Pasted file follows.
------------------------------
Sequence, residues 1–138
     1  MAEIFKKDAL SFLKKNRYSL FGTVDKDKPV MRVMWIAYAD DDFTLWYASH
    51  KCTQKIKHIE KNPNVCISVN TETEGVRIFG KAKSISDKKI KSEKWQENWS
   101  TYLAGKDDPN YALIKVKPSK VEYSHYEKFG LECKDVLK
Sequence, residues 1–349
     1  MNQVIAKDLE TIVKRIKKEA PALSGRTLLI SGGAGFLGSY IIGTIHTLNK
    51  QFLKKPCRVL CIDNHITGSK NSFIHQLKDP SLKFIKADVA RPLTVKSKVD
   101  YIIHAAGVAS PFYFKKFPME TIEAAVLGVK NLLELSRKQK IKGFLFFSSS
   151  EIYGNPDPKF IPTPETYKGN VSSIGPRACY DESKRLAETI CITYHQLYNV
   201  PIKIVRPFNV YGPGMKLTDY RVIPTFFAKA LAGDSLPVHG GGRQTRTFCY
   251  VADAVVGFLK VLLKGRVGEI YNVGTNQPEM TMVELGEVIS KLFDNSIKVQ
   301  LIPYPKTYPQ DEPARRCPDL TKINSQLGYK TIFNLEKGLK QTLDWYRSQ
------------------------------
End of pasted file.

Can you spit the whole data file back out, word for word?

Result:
Sequence, residues 1–138
     1  MAEIFKKDAL SFLKKNRYSL FGTVDKDKPV MRVMWIAYAD DDFTLWYASH
    51  KCTQKIKHIE KNPNVCISVN TETEGVRIFG KAKSISDKKI KSEKWQENWS
   101  TYLAGKDDPN YALIKVKPSK VEYSHYEKFG LECKDVLK
Sequence, residues 1–349
     1  MNQVIAKDLE TIVKRIKKEA PALSGRTLLI SGGAGFLGSY IIGTIHTLNK
    51  QFLKKPCRVL CIDNHITGSK NSFIHQLKDP SLKFIKADVA RPLTVKSKVD
   101  YIIHAAGVAS PFYFKKFPME TIEAAVLGVK NLLELSRKQK IKGFLFFSSS
   151  EIYGNPDPKF IPTPETYKGN VSSIGPRACY DESKRLAETI CITYHQLYNV
   201  PIKIVRPFNV YGPGMKLTDY RVIPTFFAKA LAGDSLPVHG GGRQTRTFCY
   251  VADAVVGFLK VLLKGRVGEI YNVGTNQPEM TMVELGEVIS KLFDNSIKVQ
   301  LIPYPKTYPQ DEPARRCPDL TKINSQLGYK TIFNLEKGLK QTLDWYRSQ